An internal court inquiry has confirmed that Parramatta judge Joe Harman harassed two women
Federal Circuit Court Judge Joe Harman has silently stepped down from the bench after an internal court inquiry found him to be guilty of sexual harassment.
The Parramatta-based judge, who concentrated on family law matters, had been at the centre of two complaints made by two women last year – a former junior court employee who had worked closely with Harman at the registry and a former law student, reported the Sydney Morning Herald. Harman went on leave last August after the first complaint was filed by the ex-employee in July 2020, and resigned as judge effective midnight on 30 June.
According to the AFR, the resignation was a move to duck a possible parliamentary inquiry that could have resulted in Harman being the first federal judge to be dismissed from office.
Federal Circuit Court Chief Justice Will Alstergren commissioned an inquiry into Harman’s behaviour following the initial complaint last year. Accusations of sexual misconduct by Harman went as far back as 2015 and reoccurred in 2016, 2019 and 2020, according to a statement by the court’s conduct committee.
The committee discovered that Harman had sent several inappropriate emails to the ex-employee and initiated “unwelcome hugs.” According to the Herald, the ex-employee’s solicitor, Josh Bornstein, claimed that although she had issued a verbal complaint to court management, the ex-employee had essentially been informed that Harman’s status as a judge prevented much action from being taken against him.
The former employee proceeded to recruit Bornstein as a legal advisor, who then wrote to the court asking that an internal inquiry be made into Harman’s behaviour. Bornstein said that the former employee has been on extended mental health leave following the harassment incidents.
The conduct committee said in its statement that it had found the complaints to be substantiated, and that Harman had “engaged in conduct towards each complainant that was sexualised in nature and otherwise inappropriate.”
Harman offered medical evidence after the committee presented its initial report to Alstergren in April. However, the committee declared that “neither the judge’s medical condition nor his workload could justify or excuse his inappropriate conduct towards either of the complainants.”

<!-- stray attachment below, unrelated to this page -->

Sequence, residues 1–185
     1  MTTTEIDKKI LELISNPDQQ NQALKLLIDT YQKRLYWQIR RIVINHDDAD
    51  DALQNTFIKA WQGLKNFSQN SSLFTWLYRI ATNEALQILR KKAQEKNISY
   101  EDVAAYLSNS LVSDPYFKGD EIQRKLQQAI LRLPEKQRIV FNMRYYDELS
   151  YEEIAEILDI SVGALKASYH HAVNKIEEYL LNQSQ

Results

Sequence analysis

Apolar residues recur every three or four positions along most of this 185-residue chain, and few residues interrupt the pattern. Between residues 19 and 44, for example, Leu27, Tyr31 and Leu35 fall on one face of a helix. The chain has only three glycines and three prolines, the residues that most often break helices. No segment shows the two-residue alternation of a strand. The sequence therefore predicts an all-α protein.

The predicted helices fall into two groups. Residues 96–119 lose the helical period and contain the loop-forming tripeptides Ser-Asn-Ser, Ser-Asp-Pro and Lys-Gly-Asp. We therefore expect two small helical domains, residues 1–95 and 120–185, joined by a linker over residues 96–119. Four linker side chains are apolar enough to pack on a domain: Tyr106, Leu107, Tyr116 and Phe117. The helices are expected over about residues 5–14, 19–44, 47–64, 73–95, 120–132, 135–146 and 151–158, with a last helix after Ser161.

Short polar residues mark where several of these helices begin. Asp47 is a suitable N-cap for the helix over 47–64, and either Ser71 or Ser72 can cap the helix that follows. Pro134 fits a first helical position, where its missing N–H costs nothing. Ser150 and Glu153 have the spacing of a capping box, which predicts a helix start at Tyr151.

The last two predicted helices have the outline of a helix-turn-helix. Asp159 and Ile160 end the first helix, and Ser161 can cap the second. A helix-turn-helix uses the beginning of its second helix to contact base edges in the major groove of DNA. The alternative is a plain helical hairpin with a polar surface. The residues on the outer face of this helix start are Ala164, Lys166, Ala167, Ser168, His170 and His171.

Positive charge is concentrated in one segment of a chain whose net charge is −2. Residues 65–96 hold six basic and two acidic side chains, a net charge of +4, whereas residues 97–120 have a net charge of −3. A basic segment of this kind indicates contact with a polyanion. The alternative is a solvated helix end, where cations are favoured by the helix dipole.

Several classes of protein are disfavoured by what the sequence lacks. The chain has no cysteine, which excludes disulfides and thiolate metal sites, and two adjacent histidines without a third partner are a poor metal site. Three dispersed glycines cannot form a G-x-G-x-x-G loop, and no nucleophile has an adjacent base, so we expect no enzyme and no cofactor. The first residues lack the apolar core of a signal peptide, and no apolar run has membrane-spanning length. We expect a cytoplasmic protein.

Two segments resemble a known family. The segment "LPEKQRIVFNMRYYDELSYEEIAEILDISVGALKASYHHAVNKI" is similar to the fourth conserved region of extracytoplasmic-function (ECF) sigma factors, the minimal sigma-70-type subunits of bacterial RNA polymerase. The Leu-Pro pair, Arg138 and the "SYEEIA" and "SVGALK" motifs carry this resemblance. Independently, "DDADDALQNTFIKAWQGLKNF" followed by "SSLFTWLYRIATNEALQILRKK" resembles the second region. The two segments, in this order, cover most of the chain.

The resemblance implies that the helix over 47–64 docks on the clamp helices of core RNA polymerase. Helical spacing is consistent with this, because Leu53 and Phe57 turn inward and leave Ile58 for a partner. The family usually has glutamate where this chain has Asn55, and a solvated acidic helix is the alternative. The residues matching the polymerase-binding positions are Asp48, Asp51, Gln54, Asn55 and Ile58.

The conduct committee issued a recommendation that the complaints be referred to Attorney-General Michaelia Cash for consideration, and for Alstergren to conduct a further probe into whether Harman had harassed any others.
The committee comprised former Supreme Court judges David Habersberger QC, Katharine Williams QC and Julie Dodds-Streeton QC, who led the inquiry. Industrial law barrister Tessa Duthie was the assisting counsel.
Alstergren issued apologies to the complainants, and condemned Harman’s behaviour as “totally unacceptable and inexcusable” in a statement.
“[Harman’s] conduct is of great concern to the court, as is the harm caused to these young women. The court is ashamed that such conduct could occur, especially by someone of such standing and responsibility as a serving judge and in circumstances where he held a position of trust in respect to each of the complainants,” the chief judge said.
Alstergren confirmed that the court had tapped Corrs Chambers Westgarth board chair Stephen Price to conduct further investigation into Harman’s conduct, according to the AFR. The court has also examined its complaints service, and its judges were required to attend a judicial misconduct presentation, as per the Herald.
In a statement published by the Herald, Bornstein applauded the court’s action.
“The Federal Circuit Court should be commended for making this matter public and showing that this sort of behaviour by judges will not be tolerated,” he said. “My client hopes that other victims of sexual harassment will be encouraged to come forward now that courts have shown they will properly investigate complaints and hold judges to account for their misconduct.”